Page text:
- Warby Parker is investing in a slate of digital capabilities, including in three areas to enhance customer experience: in-house tech to improve optician efficiency, the expansion of its virtual try-on tool and an improved experience booking online eye exams.
- By incorporating its virtual try-on tool into more parts of the customer journey, Warby Parker is hoping to attract and convert more consumers, according to co-founder and co-CEO Neil Blumenthal, who spoke during the company’s Q3 earnings call Wednesday. “We find that if e-commerce customers see a pair of glasses on their face, they are more likely to convert.”
- During the call, Blumenthal touted another AI pilot; a tool Warby Parker is in the early stages of rolling out to “facilitate the transcription of prescriptions with improved speed and accuracy.”
Warby Parker is pursuing a stronger tech stack and productivity gains. The company has more than 2 million active customers and brought in nearly $170 million in net revenue over the past three months, according to its Q3 earnings call presentation.
While the company raised its full-year outlook this quarter, it also faced challenges. Since Warby Parker went public in September 2021, it has yet to record an annual profit. Adjusted EBITDA has remained steadily positive on an annual basis since 2018, despite decreasing this quarter.
“We are confident in our strategic direction and continue to believe we are in the early innings of delivering long-term, profitable growth,” co-founder and co-CEO Dave Gilboa said in the company’s Q3 earnings release.
By opening more stores that offer eye exams — and improving the online experience of booking an exam — Warby Parker is offering wraparound services to increase loyalty and growth.
“We've already seen these improvements generate more eye exam bookings online, which we expect to lead to higher conversion and support average revenue per customer over time,” Blumenthal said. “We find that exam stores drive higher sales than non-exam stores, and industrywide, nearly 80% of prescription glasses are purchased at the same location an eye exam takes place.”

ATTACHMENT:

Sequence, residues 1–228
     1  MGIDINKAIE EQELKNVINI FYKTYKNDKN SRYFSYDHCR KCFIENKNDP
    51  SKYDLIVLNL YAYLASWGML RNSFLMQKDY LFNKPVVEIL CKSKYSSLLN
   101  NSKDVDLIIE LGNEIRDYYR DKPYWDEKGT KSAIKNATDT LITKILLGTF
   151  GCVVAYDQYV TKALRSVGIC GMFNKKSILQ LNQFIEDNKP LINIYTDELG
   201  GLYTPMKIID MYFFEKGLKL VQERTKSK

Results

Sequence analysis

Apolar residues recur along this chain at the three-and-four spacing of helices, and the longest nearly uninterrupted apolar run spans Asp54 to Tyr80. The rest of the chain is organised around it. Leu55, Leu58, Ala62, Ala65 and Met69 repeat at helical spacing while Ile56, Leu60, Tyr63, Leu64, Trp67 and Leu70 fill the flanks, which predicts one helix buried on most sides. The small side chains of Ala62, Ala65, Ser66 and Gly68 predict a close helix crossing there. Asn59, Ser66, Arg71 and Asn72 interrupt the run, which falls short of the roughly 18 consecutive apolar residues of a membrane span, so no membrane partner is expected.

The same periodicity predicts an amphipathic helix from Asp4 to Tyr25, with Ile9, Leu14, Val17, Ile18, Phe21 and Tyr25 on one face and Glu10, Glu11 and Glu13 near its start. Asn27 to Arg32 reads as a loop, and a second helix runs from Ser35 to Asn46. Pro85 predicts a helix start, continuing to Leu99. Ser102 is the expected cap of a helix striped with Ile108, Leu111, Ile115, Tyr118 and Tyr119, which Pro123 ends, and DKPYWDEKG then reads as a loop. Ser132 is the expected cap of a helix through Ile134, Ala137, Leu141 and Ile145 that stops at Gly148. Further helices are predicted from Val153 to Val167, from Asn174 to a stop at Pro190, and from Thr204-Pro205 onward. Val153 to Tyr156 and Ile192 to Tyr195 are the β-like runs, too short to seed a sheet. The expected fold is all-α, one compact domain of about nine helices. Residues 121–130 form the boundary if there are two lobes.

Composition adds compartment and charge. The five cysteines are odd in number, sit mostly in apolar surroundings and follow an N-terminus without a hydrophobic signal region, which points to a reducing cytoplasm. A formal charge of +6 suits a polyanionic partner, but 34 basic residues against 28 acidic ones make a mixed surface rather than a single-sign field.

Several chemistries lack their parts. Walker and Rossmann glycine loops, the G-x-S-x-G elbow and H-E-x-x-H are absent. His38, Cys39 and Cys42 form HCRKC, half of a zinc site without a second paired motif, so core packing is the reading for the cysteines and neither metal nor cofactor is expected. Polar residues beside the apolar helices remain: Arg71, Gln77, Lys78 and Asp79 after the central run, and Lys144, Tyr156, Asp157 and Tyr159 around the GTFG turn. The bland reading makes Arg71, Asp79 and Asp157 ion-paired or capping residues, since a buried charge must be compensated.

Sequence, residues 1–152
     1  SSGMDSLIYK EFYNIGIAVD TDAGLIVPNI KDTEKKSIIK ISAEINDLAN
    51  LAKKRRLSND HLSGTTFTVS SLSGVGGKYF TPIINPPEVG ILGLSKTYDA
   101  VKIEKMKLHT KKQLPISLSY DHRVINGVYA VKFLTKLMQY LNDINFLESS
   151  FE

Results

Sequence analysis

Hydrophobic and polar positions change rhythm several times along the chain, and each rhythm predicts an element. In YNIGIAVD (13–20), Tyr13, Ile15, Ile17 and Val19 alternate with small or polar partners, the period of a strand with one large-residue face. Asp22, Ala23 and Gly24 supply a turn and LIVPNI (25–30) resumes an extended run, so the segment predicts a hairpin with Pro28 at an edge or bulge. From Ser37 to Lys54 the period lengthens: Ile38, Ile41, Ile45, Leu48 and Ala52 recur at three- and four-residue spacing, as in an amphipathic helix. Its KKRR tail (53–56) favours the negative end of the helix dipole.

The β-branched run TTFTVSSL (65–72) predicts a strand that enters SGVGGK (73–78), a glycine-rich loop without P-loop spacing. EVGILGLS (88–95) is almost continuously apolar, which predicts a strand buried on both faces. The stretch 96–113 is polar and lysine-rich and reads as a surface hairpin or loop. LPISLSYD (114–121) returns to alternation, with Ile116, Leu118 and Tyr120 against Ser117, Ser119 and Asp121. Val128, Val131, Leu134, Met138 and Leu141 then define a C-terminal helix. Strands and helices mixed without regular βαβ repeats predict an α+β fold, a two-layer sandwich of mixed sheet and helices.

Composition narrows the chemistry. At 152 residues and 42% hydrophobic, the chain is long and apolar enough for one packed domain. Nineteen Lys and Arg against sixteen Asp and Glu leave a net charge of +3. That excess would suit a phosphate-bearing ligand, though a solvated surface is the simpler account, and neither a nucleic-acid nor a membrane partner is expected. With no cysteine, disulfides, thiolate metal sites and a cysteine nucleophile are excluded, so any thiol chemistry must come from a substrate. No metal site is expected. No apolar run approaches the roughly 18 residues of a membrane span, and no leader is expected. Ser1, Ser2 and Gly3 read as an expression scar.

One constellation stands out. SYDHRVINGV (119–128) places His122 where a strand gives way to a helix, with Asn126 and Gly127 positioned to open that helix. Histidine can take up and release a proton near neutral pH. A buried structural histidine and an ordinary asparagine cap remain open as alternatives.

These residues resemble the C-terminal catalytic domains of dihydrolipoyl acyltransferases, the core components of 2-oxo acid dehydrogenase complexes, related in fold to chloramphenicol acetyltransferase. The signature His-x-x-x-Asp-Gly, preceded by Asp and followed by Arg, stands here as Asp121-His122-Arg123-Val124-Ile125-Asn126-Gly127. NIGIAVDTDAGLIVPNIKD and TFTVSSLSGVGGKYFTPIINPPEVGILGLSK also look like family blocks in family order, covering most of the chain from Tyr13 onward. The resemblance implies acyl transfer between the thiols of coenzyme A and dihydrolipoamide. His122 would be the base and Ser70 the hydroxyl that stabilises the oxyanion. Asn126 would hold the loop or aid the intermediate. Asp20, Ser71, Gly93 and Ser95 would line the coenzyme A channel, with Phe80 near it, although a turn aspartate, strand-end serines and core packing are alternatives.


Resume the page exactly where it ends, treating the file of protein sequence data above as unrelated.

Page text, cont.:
The team has also leveraged machine learning and AI over the last few years to support virtual try-ons and vision tests, according to Gilboa, speaking during the company’s Q2 earnings call in August.
“We are excited by the rapid evolution of AI and believe we are uniquely positioned to bring this innovation to the optical industry, given our digital heritage and our technology investments,” Gilboa said.
“We are particularly encouraged by the productivity gains our engineers, product managers and designers are seeing from the expanding use of generative AI as well as early applications of this technology to create easier, faster shopping experiences for our customers,” said Gilboa.
The investment in customer-centric tech is in addition to the roughly $5.1 million the company already spent in 2022 and this year combined to implement its ERP system. The vision care retailer also invested around $1.9 million in the implementation of cloud-based software last year and up to Sept. 30 of this year.